Athletic directors at Springfield High School, Pope John Paul II High School and Lansdale Catholic High School have dealt with their own unique challenges during the COVID pandemic.
Story by Brooklyn Vaughan
On March 12, 2020, Glenn Mallon and the Springfield High School girls basketball team were sitting in their chartered bus when their phones collectively buzzed.
Twitter notifications and texts from relatives and friends led to a looming conversation throughout the cabin about breaking news regarding the COVID-19 outbreak.
Then, the radio in the bus announced the first round of many cancellations in the sports world to come.
For the Springfield girls’ basketball team, their run came to an end earlier that day after losing their quarterfinal matchup in the state championship tournament. While it was thought at the time that he would have more spring sports continuing to play throughout the rest of the spring, Springfield Athletic Director Glenn Mallon recalled the oddest drive home.
“The NBA cancelled their season, and then college basketball teams cancelled their seasons,” he said. “And then the next day when we get back to school, it just seems like the world is ending.”
The following months brought about a total cease of high school athletics. Even as the summer progressed, it was widely doubted across the Philadelphia region that there would even be a competitive season for fall sports. With coherence of the guidelines from the Chester County Health Department — because Delaware County is without its own — the Central League was able to rally together “voluntary workouts” during the summer in anticipation of competing in the near future.
Without much surprise to Mallon and his fellow athletic directors, the students and parents were relieved to get back to some type of normalcy.
“They were just so happy to have something to do,” he said. “There were 30 girls showing up to play tennis for us in July. We’ve never had that many kids interested in the sport.”
The final week of August brought much different news to the 17 schools in the Archdiocese of Philadelphia, who were told in a letter that they would be opting out of interscholastic competition for the fall 2020 season. This created confusing circumstances for Pope John Paul II High School in Royersford, whose Montgomery County guidelines were more lenient than their league counterparts within the city of Philadelphia.
Joseph Trainer, the schools’ athletic director, was frustrated but understanding when it came to the initial announcement.
“We’re in a unique situation because even though we play in the PAC, we’re also a part of the Catholic Archdiocese and adhere to them. So navigating that wasn’t easy,” he said. He recalled the community efforts that eventually were enough to convince the administration to carry on with fall sports afterall.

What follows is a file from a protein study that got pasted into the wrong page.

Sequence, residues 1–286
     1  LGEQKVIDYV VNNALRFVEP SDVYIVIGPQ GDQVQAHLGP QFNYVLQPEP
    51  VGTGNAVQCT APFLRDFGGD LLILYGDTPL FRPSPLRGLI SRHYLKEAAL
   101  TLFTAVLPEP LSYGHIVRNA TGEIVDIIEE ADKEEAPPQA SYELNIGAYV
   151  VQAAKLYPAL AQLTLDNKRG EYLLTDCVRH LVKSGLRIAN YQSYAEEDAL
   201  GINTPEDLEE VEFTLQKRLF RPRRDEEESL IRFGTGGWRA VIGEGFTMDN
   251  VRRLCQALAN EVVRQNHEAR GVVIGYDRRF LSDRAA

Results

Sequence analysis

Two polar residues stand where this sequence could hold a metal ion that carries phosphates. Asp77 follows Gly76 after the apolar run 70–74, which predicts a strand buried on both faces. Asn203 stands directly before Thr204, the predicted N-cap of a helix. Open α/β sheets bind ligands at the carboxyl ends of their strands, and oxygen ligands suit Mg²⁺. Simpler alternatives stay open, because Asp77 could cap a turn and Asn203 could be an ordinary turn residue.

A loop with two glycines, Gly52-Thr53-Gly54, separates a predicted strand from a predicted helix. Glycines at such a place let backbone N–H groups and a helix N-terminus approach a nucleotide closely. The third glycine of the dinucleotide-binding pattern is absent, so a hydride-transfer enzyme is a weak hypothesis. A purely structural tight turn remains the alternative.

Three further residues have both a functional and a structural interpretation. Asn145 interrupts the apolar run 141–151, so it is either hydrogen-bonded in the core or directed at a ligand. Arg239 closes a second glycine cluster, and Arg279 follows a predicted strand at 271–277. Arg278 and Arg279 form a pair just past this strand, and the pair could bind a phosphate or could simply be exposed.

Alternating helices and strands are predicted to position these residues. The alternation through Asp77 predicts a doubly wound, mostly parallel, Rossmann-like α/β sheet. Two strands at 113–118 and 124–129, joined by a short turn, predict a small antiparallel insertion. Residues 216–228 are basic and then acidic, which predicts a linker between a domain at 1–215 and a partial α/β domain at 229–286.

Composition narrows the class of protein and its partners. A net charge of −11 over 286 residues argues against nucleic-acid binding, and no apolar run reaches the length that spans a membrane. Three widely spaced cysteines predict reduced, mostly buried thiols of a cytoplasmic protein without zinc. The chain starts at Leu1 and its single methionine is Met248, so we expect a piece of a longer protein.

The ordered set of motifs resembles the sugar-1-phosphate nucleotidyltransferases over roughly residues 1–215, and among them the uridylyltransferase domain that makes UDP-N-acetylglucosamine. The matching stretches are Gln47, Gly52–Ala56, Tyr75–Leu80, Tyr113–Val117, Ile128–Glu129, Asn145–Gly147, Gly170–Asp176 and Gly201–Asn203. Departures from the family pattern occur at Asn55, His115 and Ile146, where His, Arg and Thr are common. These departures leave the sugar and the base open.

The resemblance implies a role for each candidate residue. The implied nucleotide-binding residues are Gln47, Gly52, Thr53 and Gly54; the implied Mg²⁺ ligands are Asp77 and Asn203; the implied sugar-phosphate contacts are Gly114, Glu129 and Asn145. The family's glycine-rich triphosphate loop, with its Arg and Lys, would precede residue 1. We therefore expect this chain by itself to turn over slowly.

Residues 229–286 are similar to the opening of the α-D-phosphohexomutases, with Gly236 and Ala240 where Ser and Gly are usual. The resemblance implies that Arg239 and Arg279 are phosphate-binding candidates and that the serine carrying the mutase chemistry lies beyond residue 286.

“At the end of the day, people realized that athletics really are a valuable part of the high school experience,” Trainer added.
Throughout this past year, COVID-19 protocols and restrictions have continued to vary across Pennsylvania county lines, making it difficult for high school athletic conferences to schedule out-of-league play. That, along with the effort to keep the virus confined as much as possible, resulted in a majority of sports to be played on a strictly in-conference schedule — after they were permitted to resume action at all, that is.
With the outdoor component of fall and spring sports, combined with the increased ability to properly social distance, some schools have been able to justify scheduling a few non-conference games.
At Montgomery County’s Lansdale Catholic High School, fall sports were played out of league, and it is anticipated that spring sports will have nonconference matchups as well. The Crusaders’ Athletic Director, Mark Princehorn, said this was made possible by “the outside variable, and the ability of social distancing, and being able to play sports outside of the confines of a gym.”
Winter sports were a different story, though, as they were restricted to a league-only schedule. This initially raised concern over the lack of diversity in certain schedules, but Princehorn assures his student athletes “didn’t get slighted on games because the PCL is so big,” he said.
“With 15 teams,” he added, “they were still able to compete on a wide level.”
As spring sports begin to resume throughout the region and look much different than years past, most high school athletic departments are relieved that their student athletes are returning to some sense of normalcy and doing so safely, most importantly.
There have been countless obstacles for student-athletes, their families and administrators over the past year, but it was all necessary.
“We all made the right decision,” Princehorn said.